|Frankenstein at SAP||1 Daleham Gardens - London NW3 5BY||Three meetings||11 & 18 June, 2 July||7-9 PM|
In the 200th anniversary year of Mary Shelley’s gothic novel we are able to peel back the layers of the block-headed, hideous monster and get down to Mary Shelley’s original concern: what is the relationship between the created and the creator?
Edward Mendelson offers: “Frankenstein is the story of childbirth as it would be if it had been invented by someone who wanted power more than love.” The story draws the reader into the entangled and unlimited relationship between the Creature and its creator as we move through narrators to get to the frozen final confrontation. In a previous Salon conversation in Paris, we discussed, among other themes, the question of adult male friendship and how Victor Frankenstein’s tragedy is one of arrogance and solitude. The book raises philosophical questions around ambition and creation: if we are able to scientifically create life, should we employ that knowledge? What are the responsibilities of the creator to the created?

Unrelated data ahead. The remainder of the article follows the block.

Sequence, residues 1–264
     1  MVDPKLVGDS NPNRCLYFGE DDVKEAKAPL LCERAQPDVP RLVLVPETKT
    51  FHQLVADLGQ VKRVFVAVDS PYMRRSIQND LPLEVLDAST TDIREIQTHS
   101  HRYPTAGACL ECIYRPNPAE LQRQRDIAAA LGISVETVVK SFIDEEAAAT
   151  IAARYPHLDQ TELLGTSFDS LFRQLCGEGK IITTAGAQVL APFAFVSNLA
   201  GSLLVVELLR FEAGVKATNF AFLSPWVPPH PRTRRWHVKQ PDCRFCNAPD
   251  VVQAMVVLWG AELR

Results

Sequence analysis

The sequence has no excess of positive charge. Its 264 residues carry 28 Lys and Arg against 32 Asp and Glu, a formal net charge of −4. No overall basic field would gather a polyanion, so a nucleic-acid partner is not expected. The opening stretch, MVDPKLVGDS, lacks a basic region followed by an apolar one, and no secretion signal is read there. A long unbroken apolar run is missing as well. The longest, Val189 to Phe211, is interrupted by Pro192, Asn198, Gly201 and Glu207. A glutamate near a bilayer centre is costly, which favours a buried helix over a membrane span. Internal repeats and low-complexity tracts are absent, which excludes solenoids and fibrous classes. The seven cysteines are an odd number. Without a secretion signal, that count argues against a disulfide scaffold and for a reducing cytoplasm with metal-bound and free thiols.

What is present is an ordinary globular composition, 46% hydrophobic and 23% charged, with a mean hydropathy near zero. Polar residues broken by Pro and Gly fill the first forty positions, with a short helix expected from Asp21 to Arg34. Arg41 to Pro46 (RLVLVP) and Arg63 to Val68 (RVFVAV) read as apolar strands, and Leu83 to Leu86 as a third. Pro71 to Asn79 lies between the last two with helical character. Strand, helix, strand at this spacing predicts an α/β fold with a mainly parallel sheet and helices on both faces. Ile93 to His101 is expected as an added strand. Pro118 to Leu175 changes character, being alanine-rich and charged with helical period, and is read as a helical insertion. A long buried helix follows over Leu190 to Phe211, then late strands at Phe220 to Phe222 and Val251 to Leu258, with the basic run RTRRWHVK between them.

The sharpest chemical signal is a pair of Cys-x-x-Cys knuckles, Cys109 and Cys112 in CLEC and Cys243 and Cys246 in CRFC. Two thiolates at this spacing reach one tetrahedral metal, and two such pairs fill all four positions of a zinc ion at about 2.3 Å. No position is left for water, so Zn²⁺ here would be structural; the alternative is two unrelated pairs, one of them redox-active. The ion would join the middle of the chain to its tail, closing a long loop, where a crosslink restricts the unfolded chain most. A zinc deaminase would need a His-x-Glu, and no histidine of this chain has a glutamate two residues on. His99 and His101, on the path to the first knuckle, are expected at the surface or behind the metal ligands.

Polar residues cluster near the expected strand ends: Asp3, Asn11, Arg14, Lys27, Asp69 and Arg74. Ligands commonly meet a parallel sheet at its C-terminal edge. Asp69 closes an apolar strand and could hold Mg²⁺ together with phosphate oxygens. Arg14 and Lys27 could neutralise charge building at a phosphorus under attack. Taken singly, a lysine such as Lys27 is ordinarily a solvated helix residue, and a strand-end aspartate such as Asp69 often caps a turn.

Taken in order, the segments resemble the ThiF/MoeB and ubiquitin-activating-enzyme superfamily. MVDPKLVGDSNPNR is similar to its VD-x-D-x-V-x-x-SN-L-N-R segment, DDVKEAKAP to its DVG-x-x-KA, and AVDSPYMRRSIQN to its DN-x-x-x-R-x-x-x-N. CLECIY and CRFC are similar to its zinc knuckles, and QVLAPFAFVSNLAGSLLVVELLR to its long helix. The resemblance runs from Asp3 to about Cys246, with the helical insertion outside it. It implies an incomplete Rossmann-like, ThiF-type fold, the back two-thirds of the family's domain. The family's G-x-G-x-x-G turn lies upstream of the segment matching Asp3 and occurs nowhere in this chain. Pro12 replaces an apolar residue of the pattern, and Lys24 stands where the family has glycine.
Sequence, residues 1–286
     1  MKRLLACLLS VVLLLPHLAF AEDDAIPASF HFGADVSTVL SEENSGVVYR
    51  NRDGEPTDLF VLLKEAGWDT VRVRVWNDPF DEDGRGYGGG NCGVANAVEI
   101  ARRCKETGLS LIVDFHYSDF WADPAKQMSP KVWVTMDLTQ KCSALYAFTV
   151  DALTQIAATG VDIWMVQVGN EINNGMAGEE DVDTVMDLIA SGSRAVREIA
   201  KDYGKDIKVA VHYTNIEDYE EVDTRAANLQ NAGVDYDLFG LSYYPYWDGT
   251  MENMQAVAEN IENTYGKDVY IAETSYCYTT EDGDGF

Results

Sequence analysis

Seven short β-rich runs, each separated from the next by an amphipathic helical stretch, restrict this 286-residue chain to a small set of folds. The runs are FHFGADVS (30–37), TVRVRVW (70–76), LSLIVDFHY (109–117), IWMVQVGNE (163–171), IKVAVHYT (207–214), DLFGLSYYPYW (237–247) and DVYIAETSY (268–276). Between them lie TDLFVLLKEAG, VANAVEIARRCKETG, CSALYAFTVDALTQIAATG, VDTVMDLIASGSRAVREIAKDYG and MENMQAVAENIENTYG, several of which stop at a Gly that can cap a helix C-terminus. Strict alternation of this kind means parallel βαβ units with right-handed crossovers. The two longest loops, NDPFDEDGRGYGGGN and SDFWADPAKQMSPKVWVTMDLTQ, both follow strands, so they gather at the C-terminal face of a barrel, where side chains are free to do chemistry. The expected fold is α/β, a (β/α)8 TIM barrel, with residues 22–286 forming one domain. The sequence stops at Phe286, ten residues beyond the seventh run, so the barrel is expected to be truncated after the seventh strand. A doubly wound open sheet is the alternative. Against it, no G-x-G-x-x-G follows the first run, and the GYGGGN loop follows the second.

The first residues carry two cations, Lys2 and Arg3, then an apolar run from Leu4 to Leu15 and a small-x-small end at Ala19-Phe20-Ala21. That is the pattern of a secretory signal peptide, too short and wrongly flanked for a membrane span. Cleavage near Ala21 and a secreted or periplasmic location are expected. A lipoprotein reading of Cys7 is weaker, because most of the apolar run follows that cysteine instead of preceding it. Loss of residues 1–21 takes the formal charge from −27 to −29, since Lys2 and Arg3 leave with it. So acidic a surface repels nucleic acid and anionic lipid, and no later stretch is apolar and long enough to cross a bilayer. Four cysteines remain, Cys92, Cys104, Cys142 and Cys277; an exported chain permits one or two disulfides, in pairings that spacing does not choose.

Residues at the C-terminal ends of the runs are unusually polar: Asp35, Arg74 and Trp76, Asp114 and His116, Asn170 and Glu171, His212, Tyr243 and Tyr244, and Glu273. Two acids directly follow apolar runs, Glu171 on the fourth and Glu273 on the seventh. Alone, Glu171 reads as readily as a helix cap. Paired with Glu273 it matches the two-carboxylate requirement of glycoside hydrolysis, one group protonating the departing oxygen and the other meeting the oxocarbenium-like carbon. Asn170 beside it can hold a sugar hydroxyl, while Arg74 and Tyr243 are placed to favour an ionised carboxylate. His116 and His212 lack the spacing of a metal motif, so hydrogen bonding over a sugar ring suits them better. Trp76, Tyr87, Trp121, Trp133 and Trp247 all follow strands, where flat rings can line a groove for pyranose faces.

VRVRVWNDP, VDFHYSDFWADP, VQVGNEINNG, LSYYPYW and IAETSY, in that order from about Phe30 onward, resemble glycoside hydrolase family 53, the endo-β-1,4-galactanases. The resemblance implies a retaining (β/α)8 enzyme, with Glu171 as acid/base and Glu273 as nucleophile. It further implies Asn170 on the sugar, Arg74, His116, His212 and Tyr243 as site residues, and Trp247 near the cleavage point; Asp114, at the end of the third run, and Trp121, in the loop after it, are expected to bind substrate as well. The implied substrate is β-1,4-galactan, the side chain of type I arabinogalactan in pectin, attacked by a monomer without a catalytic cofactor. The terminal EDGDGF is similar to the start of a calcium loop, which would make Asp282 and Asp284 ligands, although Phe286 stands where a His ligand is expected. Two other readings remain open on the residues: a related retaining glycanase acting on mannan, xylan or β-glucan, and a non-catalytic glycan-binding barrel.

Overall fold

I do know that for the sympathy of one living being, I would make peace with all. I have love in me the likes of which you can scarcely imagine and rage the likes of which you would not believe. If I cannot satisfy the one, I will indulge the other (Mary Wollstonecraft Shelley, Frankenstein)
Toby Brothers, MA, started the Literary Salon in Paris in 2004. She facilitates a wide range of literary seminars from poetry to women’s literature, classic epics and significant novels with a particular focus on Modernity. She has developed bespoke programmes for the psychotherapeutic community and professional organizations using dynamic discussions around great literature to develop group communication skills.
Fee: £90 includes background materials and opening notes
[This study is limited to a small group and carries 6 hours of CPD]
To register for the study, please go to the SAP site:
Opening notes will be sent shortly after registration.